This election figures to be historic for the wrong reasons, starting with what could be the lowest percentage turnout of registered voters in the last century or two. Since the constitution began again allowing governors to run for re-election five decades ago, never has one gone unchallenged by at least one elected official, until now.
That leaves Gov. Jindal with nothing to run against but expectations, which can be tricky. Even with minimal opposition, he will be hard-pressed to match the record re-election margin of John McKeithen, the last great governor, who polled 80.6 percent in 1967 against Congressman John Rarick, a fiery "states' rights" ultra-conservative who makes today's Tea Party look pink.
More within Jindal's reach are the winning percentages of the two other re-elected governors since then. Edwin Edwards won his second term in 1975 with 62 percent against state Sen. Bob Jones, Secretary of State Wade Martin and three others. Mike Foster matched that in 1999 against Congressman Bill Jefferson and nine others. Can Jindal top that mark, running against only "others?"
For an actual contest, one has to move down to the lieutenant governor's race, which, in tone, already is headed in that direction. Ignoring Ronald Reagan's 11th Commandment, Lt. Gov. Jay Dardenne and Plaquemines Parish President Billy Nungesser, both Republicans, already have made unkind remarks about the other, and they have barely dug into their opposition research.
Both candidates got discouraging news when the governor took the air out of their election with one word, "Yes," when asked at qualifying if he would complete his second term. Thus, the next lieutenant governor must do the same, with remote prospects of succession.
This election cycle will prove that Louisiana is still a two-party state. There's the Republican Party and the Tea Party, which includes many of the more conservative Republicans who have been trying to get rid of Dardenne, without success, through two previous statewide elections. Adding muscle to the cause this time is Sen. David Vitter, pre-cursor of the Tea Party, who is backing Nungesser.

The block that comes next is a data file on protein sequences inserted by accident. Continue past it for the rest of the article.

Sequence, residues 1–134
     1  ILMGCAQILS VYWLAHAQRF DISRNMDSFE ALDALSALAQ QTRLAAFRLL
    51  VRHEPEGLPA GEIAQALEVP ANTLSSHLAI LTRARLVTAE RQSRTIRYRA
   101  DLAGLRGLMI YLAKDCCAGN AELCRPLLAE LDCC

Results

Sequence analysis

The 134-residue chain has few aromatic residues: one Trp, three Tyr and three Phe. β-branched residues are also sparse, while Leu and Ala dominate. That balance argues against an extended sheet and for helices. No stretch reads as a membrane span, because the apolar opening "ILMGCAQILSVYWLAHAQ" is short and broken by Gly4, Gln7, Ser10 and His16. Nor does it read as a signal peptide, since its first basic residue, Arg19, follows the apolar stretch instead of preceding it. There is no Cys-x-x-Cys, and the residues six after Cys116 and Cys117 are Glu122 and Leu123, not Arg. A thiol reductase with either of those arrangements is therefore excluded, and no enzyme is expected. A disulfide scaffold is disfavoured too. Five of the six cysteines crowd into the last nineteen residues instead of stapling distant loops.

There is, of course, another party, and the Democrats, without a candidate, are going to decide the lieutenant governor's election by choosing the least objectionable Republican to them.
The same goes for the race between Attorney General Buddy Caldwell, the former Democrat turned Republican, and former Republican Congressman Joseph Cao, who often voted with the Democrats.
The secretary of state's race pits two Republicans who are friends, which won't stop them from trashing each other. Leaving aside issues dealing with the office--none come to mind--this race will test who did worse: Speaker of the House Jim Tucker for pushing the abortive legislative pay raise of 2008, or Secretary of State Tom Schedler for receiving homestead exemptions on two properties for three years.
Both have prepared their defenses. The debate should be uplifting.
Alone among the bunch to go completely unopposed, Treasurer John Kennedy has ignored the maxim of career statewide officeholders: Stay low, stay long. None of them have struck a higher profile than Kennedy, who has lectured two governors on over-spending, and none have stayed longer than him, thrice re-elected without opposition.
This is bound to be Kennedy's last term as the state's check writer, for his sights have long been higher. Without having to tap into his $1.9 million warchest, he has a big financial head start on whoever else wants to run for governor in 2015.
A couple of little-known Democrats did find their way onto the ballot to oppose Insurance Commissioner Jim Donelon and Agriculture Commissioner Mike Strain. It's not so bad for them, for they won't waste their already-prepared TV spots, extolling their virtues and accomplishments, which, without opposition, who would ever know?
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